War From a Harlots Mouth
In Shoals

Credit where credit’s due, not only have WFAHM continued to pursue the jagged, distorted path laid down from their prior releases but have more importantly, remained active. It’s particularly admirable given the current climate and the fact that people are becoming more and more fickle about how they burn their disposable income each month (providing they can of course). It therefore makes the efforts of all bands that much more vital, that much more crucial that they impress and forge quality music that has longevity, and won’t date within a week.Thus, In Shoals marks an impressive progression but also a significant grasping in the control of instrumentation and song writing. Their earlier output (particularly the split with Molotov Solution) was acutely schizophrenic, chucking in various influences that clashed rather then complimented but were executed with such vigour and intent that the chaotic cacophony just somehow worked.

On this second full length though, that insane energy is significantly honed, grasped and then directed so that the impact both in terms of heaviness but also in terms of song writing craft is significant. That doesn’t mean the songs are any simpler though, WFAHM still shift and integrate a plethora of elements be it grind, breakdowns or smooth jazzy meanderings throughout, particularly though, is a massive, massive Meshuggah presence resonating through a large proportion in the material.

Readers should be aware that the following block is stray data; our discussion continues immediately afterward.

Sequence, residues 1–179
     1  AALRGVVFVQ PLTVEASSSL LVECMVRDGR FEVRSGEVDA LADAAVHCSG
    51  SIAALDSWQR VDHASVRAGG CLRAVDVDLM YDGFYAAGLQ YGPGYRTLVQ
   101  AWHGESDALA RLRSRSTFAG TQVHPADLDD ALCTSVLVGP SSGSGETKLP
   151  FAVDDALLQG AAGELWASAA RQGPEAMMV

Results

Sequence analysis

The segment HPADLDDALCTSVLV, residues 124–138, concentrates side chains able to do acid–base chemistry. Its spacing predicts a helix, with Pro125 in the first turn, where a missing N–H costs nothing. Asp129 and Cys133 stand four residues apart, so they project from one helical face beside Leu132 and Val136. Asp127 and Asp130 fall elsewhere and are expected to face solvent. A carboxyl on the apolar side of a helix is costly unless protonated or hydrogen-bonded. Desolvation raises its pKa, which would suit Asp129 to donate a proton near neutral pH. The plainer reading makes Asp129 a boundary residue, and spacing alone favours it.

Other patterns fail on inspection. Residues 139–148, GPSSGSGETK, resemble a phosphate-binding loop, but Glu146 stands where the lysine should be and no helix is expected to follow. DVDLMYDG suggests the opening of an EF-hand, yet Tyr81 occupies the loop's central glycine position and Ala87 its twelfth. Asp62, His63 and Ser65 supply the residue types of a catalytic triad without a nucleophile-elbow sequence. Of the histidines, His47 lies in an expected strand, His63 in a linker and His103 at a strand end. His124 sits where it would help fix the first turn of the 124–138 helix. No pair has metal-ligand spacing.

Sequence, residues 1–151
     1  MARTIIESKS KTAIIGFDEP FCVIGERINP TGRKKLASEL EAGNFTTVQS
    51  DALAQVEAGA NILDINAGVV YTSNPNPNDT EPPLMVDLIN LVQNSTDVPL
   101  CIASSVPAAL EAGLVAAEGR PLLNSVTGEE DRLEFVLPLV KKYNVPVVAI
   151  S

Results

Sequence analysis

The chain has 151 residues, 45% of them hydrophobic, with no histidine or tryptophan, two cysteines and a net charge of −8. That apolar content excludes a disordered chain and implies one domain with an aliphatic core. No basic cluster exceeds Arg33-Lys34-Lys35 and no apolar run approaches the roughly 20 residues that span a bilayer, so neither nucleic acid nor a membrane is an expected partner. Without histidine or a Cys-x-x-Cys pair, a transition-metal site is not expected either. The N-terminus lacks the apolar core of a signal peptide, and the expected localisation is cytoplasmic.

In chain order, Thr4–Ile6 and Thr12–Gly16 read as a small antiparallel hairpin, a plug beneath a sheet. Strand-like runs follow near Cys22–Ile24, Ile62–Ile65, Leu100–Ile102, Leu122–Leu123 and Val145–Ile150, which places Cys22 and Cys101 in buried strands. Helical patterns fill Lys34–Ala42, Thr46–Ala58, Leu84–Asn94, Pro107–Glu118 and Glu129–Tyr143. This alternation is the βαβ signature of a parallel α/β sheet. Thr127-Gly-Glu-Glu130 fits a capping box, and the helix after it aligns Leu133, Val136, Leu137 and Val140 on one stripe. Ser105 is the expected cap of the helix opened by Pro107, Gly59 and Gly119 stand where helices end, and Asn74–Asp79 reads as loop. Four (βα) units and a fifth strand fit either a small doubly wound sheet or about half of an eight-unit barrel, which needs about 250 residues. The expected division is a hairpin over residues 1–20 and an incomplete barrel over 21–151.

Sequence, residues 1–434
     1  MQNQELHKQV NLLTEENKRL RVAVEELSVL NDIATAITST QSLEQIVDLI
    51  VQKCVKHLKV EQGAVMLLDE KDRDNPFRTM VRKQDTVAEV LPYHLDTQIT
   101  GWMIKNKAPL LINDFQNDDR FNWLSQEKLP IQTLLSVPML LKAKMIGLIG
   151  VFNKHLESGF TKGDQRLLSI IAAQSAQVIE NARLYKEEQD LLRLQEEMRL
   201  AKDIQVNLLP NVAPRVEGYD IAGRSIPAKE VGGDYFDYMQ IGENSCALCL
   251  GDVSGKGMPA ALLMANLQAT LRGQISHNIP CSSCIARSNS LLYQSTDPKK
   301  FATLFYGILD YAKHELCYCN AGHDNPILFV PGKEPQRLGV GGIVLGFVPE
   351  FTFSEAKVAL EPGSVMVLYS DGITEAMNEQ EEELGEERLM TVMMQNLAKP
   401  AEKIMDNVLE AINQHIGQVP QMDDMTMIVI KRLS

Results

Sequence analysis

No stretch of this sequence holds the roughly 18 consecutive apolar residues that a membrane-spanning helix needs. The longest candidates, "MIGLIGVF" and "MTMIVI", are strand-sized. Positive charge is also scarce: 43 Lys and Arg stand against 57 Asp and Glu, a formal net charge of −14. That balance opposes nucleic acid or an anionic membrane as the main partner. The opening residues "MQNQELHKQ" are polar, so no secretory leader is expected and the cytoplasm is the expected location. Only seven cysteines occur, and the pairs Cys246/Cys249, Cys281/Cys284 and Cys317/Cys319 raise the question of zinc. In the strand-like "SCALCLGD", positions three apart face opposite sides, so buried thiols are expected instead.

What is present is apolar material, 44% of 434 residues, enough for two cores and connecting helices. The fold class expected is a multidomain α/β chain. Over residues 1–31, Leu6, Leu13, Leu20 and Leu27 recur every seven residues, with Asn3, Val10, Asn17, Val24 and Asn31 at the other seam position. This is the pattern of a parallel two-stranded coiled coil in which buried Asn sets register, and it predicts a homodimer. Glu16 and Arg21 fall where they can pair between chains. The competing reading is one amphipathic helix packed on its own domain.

Rather then this being purely plagiaristic it adds more weight, depth and texture to the compositions. Don’t expect WFAHM to be exploring within themselves as analytically as the Swedes did in the years from Nothing to Catch 33 but be aware that WFAMH are beginning to master that knack. Its particularly apparent on the burning closer ‘Scully,’ the absolute apex of the album, mingling morose chugs sumptuously to militant beats that pull and drag for three and a half minutes when it goes even blacker, ever more morose with Slintian (circa Spiderland, the only album anyone listens to anyway) undertones pervading and then controlling the mood.

Whilst WFAHM may not ascend to the giddy heights of masters of mood such as Meshuggah or Slint they show proudly that popularity isn’t what counts, but artistry, creativity and of course, passion, all of which are thoroughly present during In Shoals.

[Visit the band's website]
Written by Benjamin DeBlasi
May 26th, 2009


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